There is a tall stately tree that can be found throughout the southeastern states, native in nature with a lustrous green leaf the southern magnolia is like no other tree.  This amazing tree can be found from the edge of deep woodlands to the back of the tall sand dunes in the panhandle of Florida, all the way down the Florida Peninsula.  The leaves provide a consistent evergreen providing a year-round presence in the landscape.  Spring brings up small plate sized creamy white blooms with a wonderful fragrance with multiple blooms opening over 3 to 5 weeks. The magnolia can serve as a specimen tree or a back drop to allow other plants to be enjoyed.

Magnolia Tree in the Landscape. Photo courtesy Stephen Greer

Often the magnolia is envisioned to be this 80-foot tall by 40-foot-wide tree with an upright pyramidal shape with the branches reaching to the ground and up to 8-inch-long shiny green leaves.  There are other shapes and sizes in the landscape industry that have been found in many different ways from seedling research that has taken place at several of our land grant universities including the University of Florida.  Other magnolia with different growth and bloom habits have been found growing in nature.  Below are a few of these exceptional species that were selected by the keen eye of a nurseryman or a plant specialist.  Next come decades of field grown observation to determine if the plant characteristics are consistent with cuttings taken and rooted to grow more trees.  This is one way to see if the same look and growth continues in multiple plants.

Magnolia Bloom in Spring

Magnolia Bloom. Photo courtesy Stephen Greer

If you grow trees from collected seeds, the new seedlings will show variable growth patterns and likely not present a consistent growth or leaf form from tree to tree.  This is the reason for taking cuttings from a magnolia with the desired growth habit, leaf size and color, bloom color and fragrance.

Several cultivars have risen to the top in popularity in the landscape industry over the last 30 to 40 years.  One of the most popular large magnolias is ‘Bracken’s Brown Beauty’.  It was selected in a seedling field when one of the universities had completed research and invited a local nurseryman to come take any he wanted before the field was turned under for other plant research.  Many were dug and field planted at the nursery with one showing many desired characteristics.  With its dark rusty brown lower leaf and deep green top.  It was observed for a number of years with cuttings taken.  One major observation was its tolerance to cold weather.  They had a winner and began to introduce it into the plant industry.  ‘Little Gem’ is another magnolia that is quite popular for its dwarf (slower) upright growth habit.  It first was considered a hedge plant with a dense leaf canopy from bottom to top.  The challenge is the plant density opens up as it matures with it ultimately reaching approximately 30-foot tall by 20-foot wide.  The surprising part of this smaller magnolia is its bloom is similar in number, yet 3 to 5 inches in size in large numbers as the other southern magnolias.  Next there is a few weeks rest period and then sporadically blooms all summer and early fall.  There are so many magnolias that could be mentioned I just don’t have enough article space, so it will stop with ‘Claudia Wannamaker’.  This magnolia is an old stand by that has been found to be moderately salt tolerant and can be found growing near coastal settings.  The leaf wax layer is slightly thicker allowing for a little more protection from the salt.  It has a more open multi-truck growth allowing for wind to pass through more easily.  The challenge is finding one in the landscape industry.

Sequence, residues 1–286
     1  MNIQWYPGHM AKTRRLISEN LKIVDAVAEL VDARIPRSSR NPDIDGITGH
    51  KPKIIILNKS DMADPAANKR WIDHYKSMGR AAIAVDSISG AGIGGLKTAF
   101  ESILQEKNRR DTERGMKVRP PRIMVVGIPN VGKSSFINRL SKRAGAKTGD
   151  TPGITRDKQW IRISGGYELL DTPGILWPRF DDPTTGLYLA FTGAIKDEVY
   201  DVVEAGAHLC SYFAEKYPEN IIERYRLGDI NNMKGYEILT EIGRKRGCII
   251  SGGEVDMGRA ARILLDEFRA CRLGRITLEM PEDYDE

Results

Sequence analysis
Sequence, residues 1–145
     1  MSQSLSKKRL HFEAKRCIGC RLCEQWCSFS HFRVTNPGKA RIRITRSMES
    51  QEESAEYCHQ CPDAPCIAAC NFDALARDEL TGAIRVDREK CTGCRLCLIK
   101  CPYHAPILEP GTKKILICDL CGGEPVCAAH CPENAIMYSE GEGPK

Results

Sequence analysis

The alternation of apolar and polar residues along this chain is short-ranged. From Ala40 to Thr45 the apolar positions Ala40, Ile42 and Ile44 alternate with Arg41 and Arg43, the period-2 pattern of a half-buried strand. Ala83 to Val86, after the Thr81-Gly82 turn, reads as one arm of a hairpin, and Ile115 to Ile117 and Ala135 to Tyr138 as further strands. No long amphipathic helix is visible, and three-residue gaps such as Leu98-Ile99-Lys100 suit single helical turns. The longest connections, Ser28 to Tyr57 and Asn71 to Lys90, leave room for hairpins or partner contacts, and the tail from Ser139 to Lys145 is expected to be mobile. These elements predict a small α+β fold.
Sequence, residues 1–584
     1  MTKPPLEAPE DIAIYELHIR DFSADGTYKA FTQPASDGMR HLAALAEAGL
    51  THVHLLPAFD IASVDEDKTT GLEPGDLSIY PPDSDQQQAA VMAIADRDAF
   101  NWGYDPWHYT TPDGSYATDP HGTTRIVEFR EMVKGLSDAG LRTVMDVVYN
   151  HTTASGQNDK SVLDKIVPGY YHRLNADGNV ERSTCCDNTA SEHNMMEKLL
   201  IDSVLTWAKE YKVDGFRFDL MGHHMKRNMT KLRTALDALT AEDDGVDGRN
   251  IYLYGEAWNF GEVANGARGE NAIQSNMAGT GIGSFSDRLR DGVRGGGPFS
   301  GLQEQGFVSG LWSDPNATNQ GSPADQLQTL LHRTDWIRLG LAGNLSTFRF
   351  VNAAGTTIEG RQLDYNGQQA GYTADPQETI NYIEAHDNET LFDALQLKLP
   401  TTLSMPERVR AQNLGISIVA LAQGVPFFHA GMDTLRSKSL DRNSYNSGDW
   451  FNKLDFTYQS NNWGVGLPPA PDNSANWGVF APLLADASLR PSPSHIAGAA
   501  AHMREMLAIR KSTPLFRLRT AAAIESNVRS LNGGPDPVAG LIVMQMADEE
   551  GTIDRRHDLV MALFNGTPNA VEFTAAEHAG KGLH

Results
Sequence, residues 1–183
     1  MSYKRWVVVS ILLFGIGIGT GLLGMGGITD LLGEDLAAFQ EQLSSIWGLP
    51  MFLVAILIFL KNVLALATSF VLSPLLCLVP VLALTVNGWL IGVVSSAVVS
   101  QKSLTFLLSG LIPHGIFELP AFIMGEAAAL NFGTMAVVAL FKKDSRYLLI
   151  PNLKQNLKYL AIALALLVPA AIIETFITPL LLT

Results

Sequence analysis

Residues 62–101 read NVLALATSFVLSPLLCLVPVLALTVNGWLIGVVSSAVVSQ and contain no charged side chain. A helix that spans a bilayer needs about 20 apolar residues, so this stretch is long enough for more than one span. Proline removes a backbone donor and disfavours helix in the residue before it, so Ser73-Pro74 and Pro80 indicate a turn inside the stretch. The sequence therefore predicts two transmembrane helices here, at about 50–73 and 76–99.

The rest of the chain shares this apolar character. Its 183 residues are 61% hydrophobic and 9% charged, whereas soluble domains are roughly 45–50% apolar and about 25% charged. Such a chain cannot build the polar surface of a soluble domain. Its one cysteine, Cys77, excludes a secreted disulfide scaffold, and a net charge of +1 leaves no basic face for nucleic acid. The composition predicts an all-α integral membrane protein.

Contact your UF IFAS Extension office in your county with questions.  Enjoy this wonderfully unique tree.